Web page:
CEOs and CFOs have tended to look at health insurance with a mixture of skepticism, confusion, and outright dread. They think: “Another year, another large portion of our income eaten up by the big insurance carriers.” Making it worse is they often don’t even understand what they’re getting from those carriers, thanks to the fact that the word “transparency” doesn’t seem to be part of the carriers’ vocabularies.
But what if you, the leader of your company, looked at health insurance a bit differently—not as a cost driver, but as a growth enabler? How can you provide your employees with exceptional coverage while saving money to help you achieve your business goals?
I recently had the pleasure of speaking with the CEO of a company that asked these questions and made figurative lemons out of lemonade. Or, in their case, turned whiskey into money.
The company is a small but fast-growing whiskey distillery. It needed to build new warehouses to store its rapidly growing inventory. Warehouses are an expensive but necessary component of a distillery’s business. Without additional warehouses, the company would not have been able to grow its business.
The company also needed to provide its employees with exceptional healthcare coverage, including a large network of providers, prescription options, telehealth, and more. This coverage needed to be as cost-effective as possible for both the business and its employees.
The distillery reconciled these two needs by switching from their fully insured carrier to a partially self-funded plan. Instead of paying an egregious 25% margin for claims they may never incur, the company only pays for actual claim costs. That alone led to exceptional savings—which the company proceeded to put toward funding the construction of new warehouses.
The company didn’t sacrifice coverage, either. Management provided employees with everything they needed to receive great care, from a large network of physicians to pharmaceutical savings, mental health and telehealth services, and more.
Traditional insurance plans are notoriously opaque, making it difficult for companies to see their actual plan data. That’s not the case with partially self-funded plans, which are transparent and allow organizations to access all the data they need to run their businesses more effectively and plan for their future.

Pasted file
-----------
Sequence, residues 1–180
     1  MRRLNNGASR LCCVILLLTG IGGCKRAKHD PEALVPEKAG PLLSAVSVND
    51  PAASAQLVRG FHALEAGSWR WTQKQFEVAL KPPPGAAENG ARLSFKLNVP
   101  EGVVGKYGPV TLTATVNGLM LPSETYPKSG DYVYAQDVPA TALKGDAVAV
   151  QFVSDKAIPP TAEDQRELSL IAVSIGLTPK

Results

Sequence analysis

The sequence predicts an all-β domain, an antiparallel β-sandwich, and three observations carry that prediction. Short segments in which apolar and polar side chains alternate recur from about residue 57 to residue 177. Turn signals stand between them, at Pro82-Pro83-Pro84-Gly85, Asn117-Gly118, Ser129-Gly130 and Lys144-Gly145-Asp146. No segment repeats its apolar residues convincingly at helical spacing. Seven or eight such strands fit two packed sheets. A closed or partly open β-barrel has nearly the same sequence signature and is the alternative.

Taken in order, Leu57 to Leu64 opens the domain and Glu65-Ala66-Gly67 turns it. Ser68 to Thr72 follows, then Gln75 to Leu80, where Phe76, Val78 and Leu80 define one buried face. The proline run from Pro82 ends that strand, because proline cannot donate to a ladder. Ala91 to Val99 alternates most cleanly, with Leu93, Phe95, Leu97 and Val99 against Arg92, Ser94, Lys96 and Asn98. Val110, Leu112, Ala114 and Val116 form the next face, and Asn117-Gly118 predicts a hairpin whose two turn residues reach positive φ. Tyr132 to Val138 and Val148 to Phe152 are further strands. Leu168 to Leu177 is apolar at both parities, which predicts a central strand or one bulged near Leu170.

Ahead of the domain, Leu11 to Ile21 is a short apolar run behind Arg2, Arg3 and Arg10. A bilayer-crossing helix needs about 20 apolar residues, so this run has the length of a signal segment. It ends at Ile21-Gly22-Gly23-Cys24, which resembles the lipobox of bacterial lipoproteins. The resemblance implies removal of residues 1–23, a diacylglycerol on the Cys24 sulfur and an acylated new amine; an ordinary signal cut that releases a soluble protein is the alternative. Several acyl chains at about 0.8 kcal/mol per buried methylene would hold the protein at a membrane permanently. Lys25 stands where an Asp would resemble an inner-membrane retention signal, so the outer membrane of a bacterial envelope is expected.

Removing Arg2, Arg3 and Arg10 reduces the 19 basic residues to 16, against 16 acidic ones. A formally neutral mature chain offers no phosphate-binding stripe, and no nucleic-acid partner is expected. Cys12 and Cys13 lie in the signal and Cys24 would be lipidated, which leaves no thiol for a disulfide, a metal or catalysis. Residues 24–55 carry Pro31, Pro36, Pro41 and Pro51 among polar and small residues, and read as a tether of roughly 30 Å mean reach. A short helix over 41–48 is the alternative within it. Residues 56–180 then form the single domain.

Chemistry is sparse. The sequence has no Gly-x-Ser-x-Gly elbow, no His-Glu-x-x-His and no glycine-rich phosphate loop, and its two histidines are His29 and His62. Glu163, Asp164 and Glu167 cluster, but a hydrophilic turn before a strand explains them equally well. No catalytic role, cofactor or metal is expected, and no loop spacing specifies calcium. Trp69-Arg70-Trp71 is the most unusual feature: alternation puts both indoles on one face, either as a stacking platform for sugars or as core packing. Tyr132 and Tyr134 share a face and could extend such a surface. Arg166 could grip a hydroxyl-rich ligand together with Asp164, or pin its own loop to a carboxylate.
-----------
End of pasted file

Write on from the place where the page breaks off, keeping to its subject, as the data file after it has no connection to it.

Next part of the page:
This transparency allowed the distillery’s management team to approach health insurance in terms of their organization’s Net Present Value (NPV). For them, benefits became more of a long-term investment in their business’s future, rather than a current expense. It allowed them to set aside funds to expand their operations.
In addition to using savings to build out their warehouses, the company’s move to partially self-funded insurance resulted in cost savings for its employees. Meanwhile, the company was still able to offer great benefits—in many cases, better than what they had offered before. Both benefits will serve the company well today and, in the future, as it continues to attract and retain employees.
It’s hard to put a price on that kind of value. Even if the price is significantly lower than it would have been had the distillery continued to work with its fully insured carrier.
The point is, health insurance doesn’t have to be painful, and it doesn’t have to adversely affect your business. That’s what makes partially self-funded insurance such a great option; it combines excellent coverage with significant cost savings that can be used to support and build other aspects of your business.
That’s what the distillery did. They took a different perspective and approach toward health insurance, one that’s good for their employees and their bottom line. As a result, they can implement great plans and enjoy significant cost savings while protecting their company and giving management the ability to plan for the distillery’s future.
Do the same thing for your company. Contact us and let us show you can leverage health insurance to help grow your business.
Alan Wiederhold is executive vice president at EVHC. Alan oversees EVHC’s strategy for providing brokers and their clients with cost-effective health insurance options that save money without sacrificing care. He is an author, national speaker and self-proclaimed healthcare nerd focused on creating new strategies for employers.
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